Terry Jones has been giving mixed messages today. It is also unclear whether he is going to meet with a New York City imam about moving a controversial Islamic center away from Ground Zero. Jones says it was that promise that led him to initially cancel his protest, but the imam's denying any deal was made.

CNN's John Zarrella is in Gainesville, Florida. He has been on the story since the very beginning.

John, take us -- get us up to speed here. Take us up to speed on what has been happening today, where we are today in all of this madness.

JOHN ZARRELLA, CNN MIAMI BUREAU CHIEF: Well, Suzanne, Terry Jones was out here about four, maybe five times -- I have kind of lost count -- today.

And, as you mentioned, the story seemed to change or at least migrate a little bit from one appearance to the next. But in the last couple of appearances, what we were told, not directly by Jones, but by his son Luke and also by an evangelist, K.A. Paul, who was by his side today, that there will not be a burning tomorrow.

That will not happen. What happens after that, we don't know, but, at this point, Terry Jones is saying that, Pastor Jones is saying he still intends to go to New York, he is planning to go to New York.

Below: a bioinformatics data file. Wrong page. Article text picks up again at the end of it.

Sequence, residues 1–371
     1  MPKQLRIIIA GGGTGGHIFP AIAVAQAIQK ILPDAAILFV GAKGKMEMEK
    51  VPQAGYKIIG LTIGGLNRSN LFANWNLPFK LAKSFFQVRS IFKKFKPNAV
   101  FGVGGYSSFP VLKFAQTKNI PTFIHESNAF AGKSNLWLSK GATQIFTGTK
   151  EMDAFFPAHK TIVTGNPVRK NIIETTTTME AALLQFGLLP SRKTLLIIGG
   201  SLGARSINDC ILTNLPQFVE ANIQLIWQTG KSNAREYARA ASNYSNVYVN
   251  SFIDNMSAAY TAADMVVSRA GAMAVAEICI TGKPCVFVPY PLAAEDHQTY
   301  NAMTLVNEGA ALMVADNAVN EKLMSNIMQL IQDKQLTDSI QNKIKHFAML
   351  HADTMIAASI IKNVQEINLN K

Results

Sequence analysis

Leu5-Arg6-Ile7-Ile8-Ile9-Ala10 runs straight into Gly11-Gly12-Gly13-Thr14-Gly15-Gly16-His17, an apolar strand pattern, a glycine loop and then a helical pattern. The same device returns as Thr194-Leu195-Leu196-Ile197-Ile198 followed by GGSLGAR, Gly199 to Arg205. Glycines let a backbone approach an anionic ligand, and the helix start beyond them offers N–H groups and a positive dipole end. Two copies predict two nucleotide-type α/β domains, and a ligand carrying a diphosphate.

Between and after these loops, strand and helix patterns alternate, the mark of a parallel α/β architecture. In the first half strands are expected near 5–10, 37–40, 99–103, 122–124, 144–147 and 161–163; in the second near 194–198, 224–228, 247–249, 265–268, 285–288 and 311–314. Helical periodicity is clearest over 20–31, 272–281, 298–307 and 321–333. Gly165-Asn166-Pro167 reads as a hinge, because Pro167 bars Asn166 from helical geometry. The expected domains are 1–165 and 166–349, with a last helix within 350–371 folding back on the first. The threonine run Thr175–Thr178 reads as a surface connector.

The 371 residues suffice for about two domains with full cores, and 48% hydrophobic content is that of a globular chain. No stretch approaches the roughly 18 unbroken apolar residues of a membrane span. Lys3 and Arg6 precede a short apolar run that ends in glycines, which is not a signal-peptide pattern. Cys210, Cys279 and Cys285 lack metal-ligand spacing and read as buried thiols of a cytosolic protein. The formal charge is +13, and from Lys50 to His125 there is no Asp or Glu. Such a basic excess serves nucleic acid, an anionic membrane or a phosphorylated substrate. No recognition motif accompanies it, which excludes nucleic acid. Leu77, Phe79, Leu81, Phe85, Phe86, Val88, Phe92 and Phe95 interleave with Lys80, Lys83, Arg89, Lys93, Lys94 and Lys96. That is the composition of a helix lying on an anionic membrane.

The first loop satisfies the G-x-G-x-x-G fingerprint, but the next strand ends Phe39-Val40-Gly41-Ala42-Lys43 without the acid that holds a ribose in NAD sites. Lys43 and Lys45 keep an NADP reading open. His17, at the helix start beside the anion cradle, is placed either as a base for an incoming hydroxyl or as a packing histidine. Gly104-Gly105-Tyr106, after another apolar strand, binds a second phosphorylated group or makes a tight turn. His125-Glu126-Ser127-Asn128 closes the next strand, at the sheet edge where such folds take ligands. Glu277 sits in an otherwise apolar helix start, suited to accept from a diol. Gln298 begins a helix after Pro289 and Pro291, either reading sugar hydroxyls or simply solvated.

But the interesting thing is, at one point today, Jones and the evangelist came out here and said they are giving the imam in New York two hours to call them and to tell them that in fact he will move the mosque in New York. And they gave out their phone numbers where the imam could call.

Now, we all knew that was not going to happen. Indeed, it did not happen. But Jones insists that he still plans to go to New York and hopefully meet with the imam, if not tomorrow, Monday or Tuesday -- Suzanne.

MALVEAUX: And, John, give us a sense of what it is like down there. Has it turned into something -- somewhat of a circus or what are we seeing?

ZARRELLA: Yes, I think you can definitely say it is a circus.

And if you don't think that the entire world is watching and is seeing what has been transpiring here, take a look at this. This is the setup, all of the cameras waiting for when Jones comes out here to make some statements. There is a podium set up there with probably 20 or 30 mike flags sticking in there.

And if Mike Miller (ph), my cameraman, can spin around, you can see, this is just one side of the array of all of the media here, national media, international media from all over the world that have gathered here to put -- to stake their part of this story and to transmit to their news outlets literally across the world, Suzanne, what has been transpiring here.